The Fed came very close to promising a rate cut Wednesday, and now markets are focused on a possible July rate cut.Market Insiderread more
Markets had expected the central bank to keep its benchmark interest rate steady while setting up a cut at the July meeting.The Fedread more
Powell said policymakers are concerned about some of the recent economic developments and see a growing case for easier policy.The Fedread more
The Fed chief said that despite reports that Trump was looking to demote or fire him, he doesn't plan on leaving anytime soon.The Fedread more
With bold and targeted steps, economists say, government can increase opportunity and incomes for many more people in ways that strengthen, not weaken, American capitalism.Politicsread more
Slack Technologies' reference price was set at $26 per share, the New York Stock Exchange announced Wednesday evening.Technologyread more
If the Trump administration and Congress fail to reach a spending agreement, the White House will offer to keep the government funded at its current levels for a year, Mnuchin...Politicsread more
With the Federal Reserve deciding not to cut interest rates but leaving the door open for future cuts, experts are split on what comes next.Trading Nationread more
Slack's public market debut on Thursday will generate billions for venture firm Accel and healthy returns for Andreessen Horowitz and Social CapitalTechnologyread more
Investors need to be cautious because the economy will get hurt the longer the trade war drags on, Jim Cramer says.Mad Money with Jim Cramerread more
Oracle found revenue growth from cloud applications in its fiscal fourth quarter, which helped it surpass analysts' expectations.Technologyread more
Many leaders in the Democratic Party are veering too far left and overpromising government programs that are not fiscally possible, Howard Schultz told CNBC on Tuesday.
Without naming names, Schultz said in a "Squawk Box" interview: "It concerns me that so many voices within the Democratic Party are going so far to the left. I say to myself, 'How are we going to pay for these things,' in terms of things like single payer [and] people espousing the fact that the government is going to give everyone a job. I don't think that's realistic."
"I think we got to get away from these falsehoods and start talking about the truth and not false promises" said Schultz, whose Monday announcement that he's stepping down as executive chairman of Starbucks is driving speculation that he may run for president in the 2020 election.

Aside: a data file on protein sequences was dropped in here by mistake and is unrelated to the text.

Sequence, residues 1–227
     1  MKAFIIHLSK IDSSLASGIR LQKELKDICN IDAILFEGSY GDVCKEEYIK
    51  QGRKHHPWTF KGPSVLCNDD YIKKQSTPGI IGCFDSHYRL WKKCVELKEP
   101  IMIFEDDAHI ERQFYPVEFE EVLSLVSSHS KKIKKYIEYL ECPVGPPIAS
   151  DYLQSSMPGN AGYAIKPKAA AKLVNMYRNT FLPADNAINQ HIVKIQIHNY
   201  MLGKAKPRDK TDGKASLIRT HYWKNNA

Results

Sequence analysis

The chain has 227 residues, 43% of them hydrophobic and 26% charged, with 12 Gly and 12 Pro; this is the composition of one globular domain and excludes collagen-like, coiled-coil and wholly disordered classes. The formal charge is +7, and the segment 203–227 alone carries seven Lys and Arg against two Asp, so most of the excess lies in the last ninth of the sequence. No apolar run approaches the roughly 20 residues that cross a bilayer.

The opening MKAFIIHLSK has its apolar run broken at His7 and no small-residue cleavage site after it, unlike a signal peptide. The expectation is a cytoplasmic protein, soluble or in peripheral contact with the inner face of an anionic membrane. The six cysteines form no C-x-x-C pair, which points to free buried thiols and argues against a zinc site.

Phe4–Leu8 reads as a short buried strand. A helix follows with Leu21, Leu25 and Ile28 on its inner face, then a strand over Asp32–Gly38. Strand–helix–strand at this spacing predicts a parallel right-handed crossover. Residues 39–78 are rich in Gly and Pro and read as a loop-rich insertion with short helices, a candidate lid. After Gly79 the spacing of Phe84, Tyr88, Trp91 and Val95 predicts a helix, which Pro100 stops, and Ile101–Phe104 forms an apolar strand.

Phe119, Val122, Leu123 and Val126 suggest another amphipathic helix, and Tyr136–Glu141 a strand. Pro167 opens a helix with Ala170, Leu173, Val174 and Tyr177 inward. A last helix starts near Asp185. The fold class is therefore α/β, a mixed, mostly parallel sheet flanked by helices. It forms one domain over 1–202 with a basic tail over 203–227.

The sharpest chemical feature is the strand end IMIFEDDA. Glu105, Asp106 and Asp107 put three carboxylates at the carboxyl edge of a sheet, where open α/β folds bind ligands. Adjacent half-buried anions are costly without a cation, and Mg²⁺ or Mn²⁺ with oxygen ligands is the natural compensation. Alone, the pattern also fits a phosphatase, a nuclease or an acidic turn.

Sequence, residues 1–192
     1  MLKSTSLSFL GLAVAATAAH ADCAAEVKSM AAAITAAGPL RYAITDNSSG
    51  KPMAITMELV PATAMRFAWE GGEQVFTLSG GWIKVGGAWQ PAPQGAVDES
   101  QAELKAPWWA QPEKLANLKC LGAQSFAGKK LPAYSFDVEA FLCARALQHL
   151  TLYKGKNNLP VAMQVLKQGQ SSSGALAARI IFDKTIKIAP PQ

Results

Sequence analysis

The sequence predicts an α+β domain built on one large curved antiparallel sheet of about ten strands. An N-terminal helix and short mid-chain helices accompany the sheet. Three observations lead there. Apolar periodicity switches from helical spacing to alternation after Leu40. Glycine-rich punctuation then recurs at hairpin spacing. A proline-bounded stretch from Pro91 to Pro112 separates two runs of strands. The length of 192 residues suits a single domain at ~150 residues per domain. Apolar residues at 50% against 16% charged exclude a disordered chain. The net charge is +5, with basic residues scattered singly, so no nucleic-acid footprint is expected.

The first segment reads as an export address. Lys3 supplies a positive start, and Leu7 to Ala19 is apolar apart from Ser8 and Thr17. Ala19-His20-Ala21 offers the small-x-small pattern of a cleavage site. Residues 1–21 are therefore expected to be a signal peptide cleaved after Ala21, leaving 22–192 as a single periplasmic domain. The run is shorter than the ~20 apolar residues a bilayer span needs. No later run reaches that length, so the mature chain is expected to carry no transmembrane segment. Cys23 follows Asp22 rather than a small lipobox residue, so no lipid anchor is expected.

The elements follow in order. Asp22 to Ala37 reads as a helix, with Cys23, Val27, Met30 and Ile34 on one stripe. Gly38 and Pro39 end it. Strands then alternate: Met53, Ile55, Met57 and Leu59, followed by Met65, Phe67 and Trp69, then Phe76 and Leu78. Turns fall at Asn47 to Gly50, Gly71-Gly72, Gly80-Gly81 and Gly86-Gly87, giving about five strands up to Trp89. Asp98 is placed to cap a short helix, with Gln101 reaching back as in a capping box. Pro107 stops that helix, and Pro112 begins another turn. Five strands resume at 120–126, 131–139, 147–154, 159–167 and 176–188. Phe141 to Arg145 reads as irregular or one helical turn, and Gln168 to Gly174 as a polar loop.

During the 2016 race for the Democratic presidential nomination against Hillary Clinton, Sen. Bernie Sanders, who described himself as a Democratic socialist, supported a single-payer "Medicare for all" policy on health care and other policies that his critics had said would be impossible to pay for.
"I think the greatest threat domestically to the country is this $21 trillion debt hanging over the cloud of America and future generations," Schultz said. "The only way we're going to get out of that is we've got to grow the economy, in my view, 4 percent or greater. And then we have to go after entitlements."
President Donald Trump has made economic growth of more than 3 percent the goal post for success of his economic polices such as tax reform and cutting business regulations, and economic agenda aspirations including getting rid of Obamacare and bringing what he calls a level playing field on trade to the global marketplace.
Schultz, a frequent critic of Trump who also served two stints as CEO of Starbucks, is credited as a pioneer in creating an atmosphere of corporate social responsibility. He has sought to balance the need for public companies to make profits against policies that benefit the well-being of society as a whole.
Corporate social responsibility has recently become a hot topic in boardrooms around the nation after BlackRock chief Larry Fink in January sent a letter to the CEOs of the world's largest public companies, calling for them to help improve society or risk losing support from BlackRock, the world's largest investment company with more than $6 trillion in assets under management.
In CNBC's interview Tuesday, Schultz, who supported Clinton in the 2016 election, addressed his future beyond Starbucks.
"There's a lot of things I can do as a private citizen other than run for the presidency of the United States," he said. "Let's just see what happens."